Future Military Service Dogs Learn Socialization With Foster Families


San Antonio, TX – A program which breeds Belgian Malinois to become military working dogs relies on volunteer foster families to socialize and expose them to a variety of environments.  The families raise the dogs for about five months before returning them to go through an intensive training program at the Defense Department’s Military Working Dog Breeding Program at Lackland Air Force Base.

The idea behind the program is to prepare these future military working dogs for a lifetime of service, exposing them to different situations; some families have children, some have other pets, and some are elderly, giving the dogs a chance to experience ‘life’.

Bernadine Green, the program’s deputy director, explains that Belgian Malinois are bred and trained to serve alongside other military working dogs, a select group used by DOD and other government agencies for patrol, drug and explosive detection, and in specialized missions both stateside and overseas.  She goes on to say that the program solely breeds Belgian Malinois because they tend to make outstanding working dogs, able to carry out a mission equally well whether on an installation or in a combat zone.

The families that foster the dogs are a mix of active duty, veterans, and community members, all volunteering because of their desire to serve.  When the puppies are about 8 weeks old and showing signs of promise as future service dogs, they are placed with one of the families, staying with them for about five months.  This is enough time to introduce a sense of socialization and encourage the temperament that makes them such outstanding working dogs.  “Families love to do it,” Bernadine Green said.  “It’s their way of giving back to the community and the military, and also for the sheer pleasure of caring for a puppy.”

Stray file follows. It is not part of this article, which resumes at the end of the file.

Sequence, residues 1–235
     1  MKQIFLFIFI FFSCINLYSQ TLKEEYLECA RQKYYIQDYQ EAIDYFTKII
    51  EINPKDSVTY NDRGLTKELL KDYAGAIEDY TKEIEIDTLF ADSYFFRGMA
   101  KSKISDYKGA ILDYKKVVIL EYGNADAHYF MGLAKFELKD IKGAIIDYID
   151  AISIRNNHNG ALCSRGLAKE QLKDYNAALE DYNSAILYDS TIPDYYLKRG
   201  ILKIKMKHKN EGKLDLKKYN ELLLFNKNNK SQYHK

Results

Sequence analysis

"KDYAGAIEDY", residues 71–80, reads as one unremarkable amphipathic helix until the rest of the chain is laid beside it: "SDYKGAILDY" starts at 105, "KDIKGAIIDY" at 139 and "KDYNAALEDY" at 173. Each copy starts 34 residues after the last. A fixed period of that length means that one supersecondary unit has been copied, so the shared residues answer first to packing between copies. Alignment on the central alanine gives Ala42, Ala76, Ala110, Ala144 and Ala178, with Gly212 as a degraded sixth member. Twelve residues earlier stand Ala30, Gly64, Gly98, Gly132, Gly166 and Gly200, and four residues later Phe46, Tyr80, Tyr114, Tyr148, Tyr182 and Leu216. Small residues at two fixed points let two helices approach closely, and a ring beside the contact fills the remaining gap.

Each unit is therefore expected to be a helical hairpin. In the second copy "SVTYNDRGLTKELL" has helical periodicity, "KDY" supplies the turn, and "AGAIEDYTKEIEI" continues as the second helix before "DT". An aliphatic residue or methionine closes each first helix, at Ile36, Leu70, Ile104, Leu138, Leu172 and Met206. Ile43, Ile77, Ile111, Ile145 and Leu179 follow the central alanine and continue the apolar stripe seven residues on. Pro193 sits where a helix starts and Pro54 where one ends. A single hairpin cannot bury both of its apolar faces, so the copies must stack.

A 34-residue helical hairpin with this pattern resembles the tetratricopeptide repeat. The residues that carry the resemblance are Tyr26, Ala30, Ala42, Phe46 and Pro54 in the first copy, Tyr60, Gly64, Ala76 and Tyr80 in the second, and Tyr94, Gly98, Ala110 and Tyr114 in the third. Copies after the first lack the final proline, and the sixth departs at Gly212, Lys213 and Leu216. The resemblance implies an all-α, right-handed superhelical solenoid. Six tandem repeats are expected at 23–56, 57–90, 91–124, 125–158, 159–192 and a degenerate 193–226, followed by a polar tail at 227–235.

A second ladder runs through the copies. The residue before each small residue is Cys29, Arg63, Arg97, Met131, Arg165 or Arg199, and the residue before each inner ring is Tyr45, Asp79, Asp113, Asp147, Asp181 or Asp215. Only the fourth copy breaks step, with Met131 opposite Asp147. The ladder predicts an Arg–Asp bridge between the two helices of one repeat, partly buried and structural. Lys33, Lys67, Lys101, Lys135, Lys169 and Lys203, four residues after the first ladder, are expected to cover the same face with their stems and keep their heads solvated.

The foster phase of the program is the most important part of the rearing to become service dogs because the dogs learn things they would otherwise miss out on if kept in a kennel; real life situations require an overall sense of socialization and basic obedience, both things that are focused on during this phase with the foster families.  The families are even offered help in basic puppy rearing and instructed on basic obedience.

Once the five months with a foster family is up, the dogs go back to the breeding program where they continue their training.  Although the foster phase is the most integral, it is also the hardest…for the families!  The families become attached to the puppies, making it difficult to hand them back over.  “We have a lady who fostered 13 puppies…” Green said.  Each time she returns a puppy, “she cries a blue streak.”

This program was put into place in order to breed the best in military service dogs and having a town of families who volunteer to participate is truly heartwarming.